Thirdly, our opportunity to provide the best total costs of ownership. Third-party results certify that Polycom uses between 38% and 50% less bandwidth than our closest competitors. When you look at total cost of ownership which is 70% in a network, this is a very meaningful and strategic differentiator for Polycom.
Fourth, is backward and forth compatible. Our ability to work on 323 standards, shift, SEC, HT65 and next generation standards to be able to go back to solve dates is critically important specifically as it relates to next generation software.
Fifth is an entire broad range of solutions. Our continuum from all the way from the mobility, social media, small-medium business, enterprise carrier, is the best-in-class in this industry, and our approach in terms of our agnostic approach in terms of how we look at mobility in social media rather than a dedicated platform are what we call bring here on device is resonating very strongly with the CIO community.
Sixth is our enterprise level security and our resiliency and scalability. I’ll give you some examples of five key customers that have made decisions around just the facet of security, expandability and of our migrations to next generation software platforms.
And finally our ecosystem, which I’ll spend a moment on very clearly walking through where we are with Microsoft, IBM, Hewlett-Packard and Apple specifically. If we correctly walk through each one of these key strategic differentiators, specifically against Cisco we can win every transaction, if told, appropriately because this technology the interoperability, the integration is best-in-class.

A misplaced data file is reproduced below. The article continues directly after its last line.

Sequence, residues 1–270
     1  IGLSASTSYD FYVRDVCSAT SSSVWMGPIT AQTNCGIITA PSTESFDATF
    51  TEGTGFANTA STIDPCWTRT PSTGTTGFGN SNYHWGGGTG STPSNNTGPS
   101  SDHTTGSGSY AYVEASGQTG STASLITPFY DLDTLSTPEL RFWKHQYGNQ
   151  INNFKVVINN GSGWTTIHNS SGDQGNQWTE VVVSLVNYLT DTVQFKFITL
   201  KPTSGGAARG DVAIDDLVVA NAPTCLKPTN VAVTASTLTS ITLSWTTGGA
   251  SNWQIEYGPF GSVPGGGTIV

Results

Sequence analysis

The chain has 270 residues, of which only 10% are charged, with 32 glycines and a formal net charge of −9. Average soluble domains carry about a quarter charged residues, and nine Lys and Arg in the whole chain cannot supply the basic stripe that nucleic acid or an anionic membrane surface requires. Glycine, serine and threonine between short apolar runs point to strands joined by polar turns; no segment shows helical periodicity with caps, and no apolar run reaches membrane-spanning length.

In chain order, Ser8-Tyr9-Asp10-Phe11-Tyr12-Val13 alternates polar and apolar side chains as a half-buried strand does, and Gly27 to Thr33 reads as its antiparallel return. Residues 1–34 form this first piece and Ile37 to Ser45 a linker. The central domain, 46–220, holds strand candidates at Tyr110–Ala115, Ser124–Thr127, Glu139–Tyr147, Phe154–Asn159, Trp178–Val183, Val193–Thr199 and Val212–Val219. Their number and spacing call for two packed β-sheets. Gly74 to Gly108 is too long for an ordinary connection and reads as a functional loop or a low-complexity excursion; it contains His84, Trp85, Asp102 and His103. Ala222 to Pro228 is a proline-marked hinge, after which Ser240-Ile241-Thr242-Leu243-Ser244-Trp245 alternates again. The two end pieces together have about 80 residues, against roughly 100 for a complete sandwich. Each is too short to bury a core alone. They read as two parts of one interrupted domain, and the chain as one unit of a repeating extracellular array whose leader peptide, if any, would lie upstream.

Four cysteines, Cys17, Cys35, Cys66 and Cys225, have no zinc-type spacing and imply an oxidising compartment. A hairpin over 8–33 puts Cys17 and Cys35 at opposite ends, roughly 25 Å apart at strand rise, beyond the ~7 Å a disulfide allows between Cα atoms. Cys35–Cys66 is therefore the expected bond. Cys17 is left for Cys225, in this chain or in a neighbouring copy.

Now how do we compete to win? Let me share with you five very specific customer examples recently in terms of where Polycom has won against our largest competitor. The first is ebay. Ebay actually has Cisco. They have Avaya, they have Microsoft but it shows Polycom mainly because of the key word which is interoperability. They have a number of, as I said before, preinstalled solutions that take in the RealPresence software, allow them to avoid ripping every placing from an upgradability perspective and allows to be in a trusted relationship.
This is a great example of our RealPresence platform operating as a Trojan horse and being inserted into one of our largest competitors account. Second example is ICBC, the largest bank in China and actually the seventh largest corporation of the global 2000 worldwide. This is a largest cloud deployment of video conferencing in the world. The reason that Polycom was chose was because of its reliability and redundancy. There were 2000 sites within ICBC and the scalability in terms of concurrent sessions or end points was the requirement, ICBC put, would I believe Polycom and its competitor’s to the most intense lab test ever in history of this technology and industry. This is not only a hallmark account for our company, but again, the largest cloud deployment which is continuing to involve in the world.